R Programming for Data Science
R Programming for Data Science
About the Book
Data science has taken the world by storm. Every field of study and area of business has been affected as people increasingly realize the value of the incredible quantities of data being generated. But to extract value from those data, one needs to be trained in the proper data science skills. The R programming language has become the de facto programming language for data science. Its flexibility, power, sophistication, and expressiveness have made it an invaluable tool for data scientists around the world.
This book is about the fundamentals of R programming. You will get started with the basics of the language, learn how to manipulate datasets, how to write functions, and how to debug and optimize code. With the fundamentals provided in this book, you will have a solid foundation on which to build your data science toolbox.
If you are interested in a printed copy of this book, you can purchase one at Lulu.
This package contains just the book in PDF, EPUB, or MOBI formats.
The Book + Datasets + R Code Files
This package contains the book and R code files corresponding to each of the chapters in the book. The package also contains the datasets used in all of the chapters so that the code can be fully executed.
The Book + Lecture Videos (HD) + Datasets + R Code Files
This package includes the book, high definition lecture video files (720p), datasets and R code files for all chapters. The collection also contains live demonstrations of how to use various aspects of R that could not be included in the book. The videos are licensed under a Creative Commons Attribution-NonCommercial-NoDerivatives 4.0 International license.
- 1. Stay in Touch!
- 2. Preface
3. History and Overview of R
- 3.1 What is R?
- 3.2 What is S?
- 3.3 The S Philosophy
- 3.4 Back to R
- 3.5 Basic Features of R
- 3.6 Free Software
- 3.7 Design of the R System
- 3.8 Limitations of R
- 3.9 R Resources
4. Getting Started with R
- 4.1 Installation
- 4.2 Getting started with the R interface
5. R Nuts and Bolts
- 5.1 Entering Input
- 5.2 Evaluation
- 5.3 R Objects
- 5.4 Numbers
- 5.5 Attributes
- 5.6 Creating Vectors
- 5.7 Mixing Objects
- 5.8 Explicit Coercion
- 5.9 Matrices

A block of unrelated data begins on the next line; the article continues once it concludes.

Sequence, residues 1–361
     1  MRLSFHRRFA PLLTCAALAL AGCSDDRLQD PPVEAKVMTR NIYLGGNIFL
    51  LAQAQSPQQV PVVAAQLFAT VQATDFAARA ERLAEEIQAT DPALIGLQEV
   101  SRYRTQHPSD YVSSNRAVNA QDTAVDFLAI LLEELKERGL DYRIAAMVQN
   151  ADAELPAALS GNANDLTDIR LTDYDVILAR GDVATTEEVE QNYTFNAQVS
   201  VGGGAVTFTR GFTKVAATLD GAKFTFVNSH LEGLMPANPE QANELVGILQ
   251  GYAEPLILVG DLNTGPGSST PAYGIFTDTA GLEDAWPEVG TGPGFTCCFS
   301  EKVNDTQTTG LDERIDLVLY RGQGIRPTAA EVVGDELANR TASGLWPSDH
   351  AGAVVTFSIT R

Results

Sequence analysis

- 5.10 Lists
- 5.11 Factors
- 5.12 Missing Values
- 5.13 Data Frames
- 5.14 Names
- 5.15 Summary
6. Getting Data In and Out of R
- 6.1 Reading and Writing Data
6.2 Reading Data Files with
- 6.3 Reading in Larger Datasets with read.table
- 6.4 Calculating Memory Requirements for R Objects
7. Using the
8. Using Textual and Binary Formats for Storing Data
- 8.2 Binary Formats
- 8.1 Using
9. Interfaces to the Outside World
- 9.1 File Connections
- 9.2 Reading Lines of a Text File
- 9.3 Reading From a URL Connection
10. Subsetting R Objects
- 10.1 Subsetting a Vector
- 10.2 Subsetting a Matrix
- 10.3 Subsetting Lists
- 10.4 Subsetting Nested Elements of a List
- 10.5 Extracting Multiple Elements of a List
- 10.6 Partial Matching
- 10.7 Removing NA Values
11. Vectorized Operations
- 11.1 Vectorized Matrix Operations
12. Dates and Times
- 12.1 Dates in R
- 12.2 Times in R
- 12.3 Operations on Dates and Times
- 12.4 Summary
13. Managing Data Frames with the
- 13.1 Data Frames
13.4 Installing the
- 13.12 Summary
14. Control Structures
- 14.7 Summary
- 15.1 Functions in R
- 15.2 Your First Function
- 15.3 Argument Matching
- 15.4 Lazy Evaluation
15.6 Arguments Coming After the
- 15.7 Summary
16. Scoping Rules of R
- 16.1 A Diversion on Binding Values to Symbol
- 16.2 Scoping Rules
- 16.3 Lexical Scoping: Why Does It Matter?
- 16.4 Lexical vs. Dynamic Scoping
- 16.5 Application: Optimization
- 16.6 Plotting the Likelihood
- 16.7 Summary
- 17. Coding Standards for R
18. Loop Functions
- 18.1 Looping on the Command Line
- 18.5 Splitting a Data Frame
- 18.6 tapply
- 18.8 Col/Row Sums and Means
- 18.9 Other Ways to Apply
- 18.11 Vectorizing a Function
- 18.12 Summary
19. Regular Expressions
- 19.1 Before You Begin
- 19.2 Primary R Functions
- 19.9 Summary
- 20.1 Something’s Wrong!
- 20.2 Figuring Out What’s Wrong
- 20.3 Debugging Tools in R
- 20.7 Summary
21. Profiling R Code
- 21.2 Timing Longer Expressions
- 21.3 The R Profiler
- 21.5 Summary
- 21.1 Using
- 22.1 Generating Random Numbers
- 22.2 Setting the random number seed
- 22.3 Simulating a Linear Model
- 22.4 Random Sampling
- 22.5 Summary
23. Data Analysis Case Study: Changes in Fine Particle Air Pollution in the U.S.
- 23.1 Synopsis
- 23.2 Loading and Processing the Raw Data
- 23.3 Results
24. Parallel Computation
- 24.1 Hidden Parallelism
- 24.2 Embarrassing Parallelism
- 24.3 The Parallel Package
- 24.4 Example: Bootstrapping a Statistic
- 24.5 Building a Socket Cluster
- 24.6 Summary
- 25. Why I Indent My Code 8 Spaces
- 26. About the Author
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